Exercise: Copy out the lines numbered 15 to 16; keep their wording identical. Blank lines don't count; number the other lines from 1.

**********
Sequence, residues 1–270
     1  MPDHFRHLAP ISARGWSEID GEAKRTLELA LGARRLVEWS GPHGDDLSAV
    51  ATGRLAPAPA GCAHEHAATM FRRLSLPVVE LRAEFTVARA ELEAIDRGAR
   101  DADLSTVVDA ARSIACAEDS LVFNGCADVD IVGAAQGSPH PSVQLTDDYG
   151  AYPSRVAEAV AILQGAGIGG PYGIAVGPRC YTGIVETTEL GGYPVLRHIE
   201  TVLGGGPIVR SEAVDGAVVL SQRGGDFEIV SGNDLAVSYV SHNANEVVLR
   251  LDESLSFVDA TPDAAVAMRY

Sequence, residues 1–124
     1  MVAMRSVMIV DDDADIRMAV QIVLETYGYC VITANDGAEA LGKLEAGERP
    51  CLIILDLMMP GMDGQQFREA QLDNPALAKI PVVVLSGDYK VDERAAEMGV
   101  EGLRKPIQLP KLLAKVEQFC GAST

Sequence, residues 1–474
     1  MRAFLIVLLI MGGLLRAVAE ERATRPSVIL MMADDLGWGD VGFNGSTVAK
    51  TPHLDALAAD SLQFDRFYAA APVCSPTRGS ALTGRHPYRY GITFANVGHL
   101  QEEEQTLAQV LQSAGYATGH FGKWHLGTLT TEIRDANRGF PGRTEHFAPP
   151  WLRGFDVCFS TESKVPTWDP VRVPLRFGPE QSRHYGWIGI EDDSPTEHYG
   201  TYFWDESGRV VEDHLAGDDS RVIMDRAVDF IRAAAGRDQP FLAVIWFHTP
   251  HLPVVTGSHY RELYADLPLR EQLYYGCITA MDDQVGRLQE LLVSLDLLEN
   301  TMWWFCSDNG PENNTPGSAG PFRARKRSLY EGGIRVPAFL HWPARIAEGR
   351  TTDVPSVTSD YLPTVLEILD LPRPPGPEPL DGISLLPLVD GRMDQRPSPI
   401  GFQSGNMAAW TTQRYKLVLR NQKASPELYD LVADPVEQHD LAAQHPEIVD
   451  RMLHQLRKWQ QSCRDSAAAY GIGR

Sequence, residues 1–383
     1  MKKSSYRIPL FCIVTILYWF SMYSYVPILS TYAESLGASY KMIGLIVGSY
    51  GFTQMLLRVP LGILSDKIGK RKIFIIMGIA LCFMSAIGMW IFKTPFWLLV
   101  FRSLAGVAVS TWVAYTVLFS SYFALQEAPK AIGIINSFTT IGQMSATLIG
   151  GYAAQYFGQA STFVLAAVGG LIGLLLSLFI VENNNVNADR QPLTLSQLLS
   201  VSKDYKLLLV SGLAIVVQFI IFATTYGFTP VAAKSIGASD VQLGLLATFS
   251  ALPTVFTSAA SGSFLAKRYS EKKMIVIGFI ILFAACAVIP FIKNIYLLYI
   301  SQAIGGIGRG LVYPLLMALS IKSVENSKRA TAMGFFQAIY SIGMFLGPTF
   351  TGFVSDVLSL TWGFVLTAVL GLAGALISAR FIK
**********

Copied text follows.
   101  QEEEQTLAQV LQSAGYATGH FGKWHLGTLT TEIRDANRGF PGRTEHFAPP
   151  WLRGFDVCFS TESKVPTWDP VRVPLRFGPE QSRHYGWIGI EDDSPTEHYG